ATB-352, a potent and non-addictive analgesic, targets the $9 billion market for post-operative pain.
ATB-352 is a hydrogen sulfide-releasing derivative of ketoprofen, one of the most potent NSAIDs prescribed for acute pain. However, ketoprofen is also one of the most damaging NSAIDs to the gastrointestinal tract. ATB-352 has been shown to be gastrointestinal-safe and non-addictive in animal studies. Investigational New Drug-enabling studies for ATB-352 are underway, with Phase 1 human trials slated to begin in late 2020.
Global Opioid Crisis
While opioids (e.g., oxycodone, fentanyl) are widely prescribed for acute pain relief, they are often abused due to their highly addictive nature. More than 60% of drug overdose deaths involve an opioid. With total mortality having quadrupled since 1999, more deaths are now attributable to opioids than to road accidents.
“On average, 130 Americans die every day from an opioid overdose.”
– Centers for Disease Control and Prevention
The misuse of prescription opioids costs the United States nearly $80 billion per year, including the costs of healthcare, lost productivity, addiction treatment, and criminal justice involvement.1
There is a widely recognized, urgent need for a safer, non-addictive pain-killer for post-operative pain.
Lead Indication: Post-operative Pain
The over-prescription of opioids is being driven largely by the lack of alternative therapies that are both safe and effective. Of the 50 million US surgical patients requiring post-operative pain medication each year, 80% are prescribed opioids, with more than 6% becoming persistent opioid users after surgery. ATB-352 represents a compelling therapy for surgery patients given its analgesic potency, gastrointestinal safety and lack of abuse potential.
Many surgeries require a multi-day hospital recovery period, during which intravenous agents are often prescribed to manage post-operative pain. Upon discharge from hospital care, patients may continue to suffer from pain for several weeks. This transition can be challenging for both patients and physicians, who seek to prescribe an oral therapeutic that is effective but does not create addiction concerns. To address this, Antibe has adopted a two-stage product strategy to streamline management of post-operative pain: (i) an aqueous formulation for intravenous administration of ATB-352 while in hospital; and (ii) a tablet formulation for use following hospital discharge.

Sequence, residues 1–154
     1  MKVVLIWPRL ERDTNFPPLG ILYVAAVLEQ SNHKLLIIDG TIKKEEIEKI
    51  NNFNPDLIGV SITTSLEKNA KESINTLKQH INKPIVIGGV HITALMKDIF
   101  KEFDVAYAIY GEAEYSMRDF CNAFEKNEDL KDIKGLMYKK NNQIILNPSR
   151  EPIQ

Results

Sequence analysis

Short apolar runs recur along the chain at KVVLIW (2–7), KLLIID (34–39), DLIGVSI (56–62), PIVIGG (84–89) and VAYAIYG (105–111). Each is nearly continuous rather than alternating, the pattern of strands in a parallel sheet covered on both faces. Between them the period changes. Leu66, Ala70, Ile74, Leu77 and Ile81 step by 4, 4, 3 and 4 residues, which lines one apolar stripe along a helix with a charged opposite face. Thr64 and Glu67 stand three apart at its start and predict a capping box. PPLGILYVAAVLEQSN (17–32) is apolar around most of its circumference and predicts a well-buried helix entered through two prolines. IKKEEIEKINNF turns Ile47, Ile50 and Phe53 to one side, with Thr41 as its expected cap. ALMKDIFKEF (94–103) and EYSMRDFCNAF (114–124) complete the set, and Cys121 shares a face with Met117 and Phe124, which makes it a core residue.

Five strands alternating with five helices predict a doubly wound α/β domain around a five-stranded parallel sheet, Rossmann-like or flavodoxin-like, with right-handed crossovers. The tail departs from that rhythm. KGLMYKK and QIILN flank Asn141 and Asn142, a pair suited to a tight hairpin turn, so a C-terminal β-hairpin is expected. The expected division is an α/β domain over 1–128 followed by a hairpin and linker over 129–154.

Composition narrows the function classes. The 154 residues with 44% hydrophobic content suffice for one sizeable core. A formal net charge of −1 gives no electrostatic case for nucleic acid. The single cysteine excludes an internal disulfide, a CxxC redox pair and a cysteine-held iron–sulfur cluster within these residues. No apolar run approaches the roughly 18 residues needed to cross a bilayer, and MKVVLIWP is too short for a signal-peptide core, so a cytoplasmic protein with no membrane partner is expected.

In view of ATB-352’s potential to replace opioid use, Antibe will pursue an FDA Fast Track designation to expedite the development and regulatory approval process.
ATB-352: Non-addictive and Gastrointestinal-safe
In preclinical studies, ATB-352 caused negligible intestinal damage compared to ketoprofen, despite comparable suppression of intestinal prostaglandin or whole blood thromboxane synthesis.2 The rats were treated orally twice-daily for 5 days with either 10 mg/kg ketoprofen, or an equimolar dose of ATB-352 (14.5 mg/kg). Pharmacokinetic and toxicology studies suggest that ATB-352, like ATB-346, is effective when administered once daily.3
When tested over a concentration range of 3 to 30 µg/mL in a CEREP in vitro assay, no agonist effect of ATB-352 was found against the µ(MOP) opioid receptor, indicating no addiction potential.3
(1) Florence et al. The Economic Burden of Prescription Opioid Overdose, Abuse, and Dependence in the United States, 2013.
Med Care. 2016;54(10):901-906.
(2) Gemici et al. H2S-releasing drugs: anti-inflammatory, cytoprotective and chemopreventative potential. Nitric Oxide. 2015 Apr 30;46:25-31.
(3) Antibe pre-clinical data on ATB-352.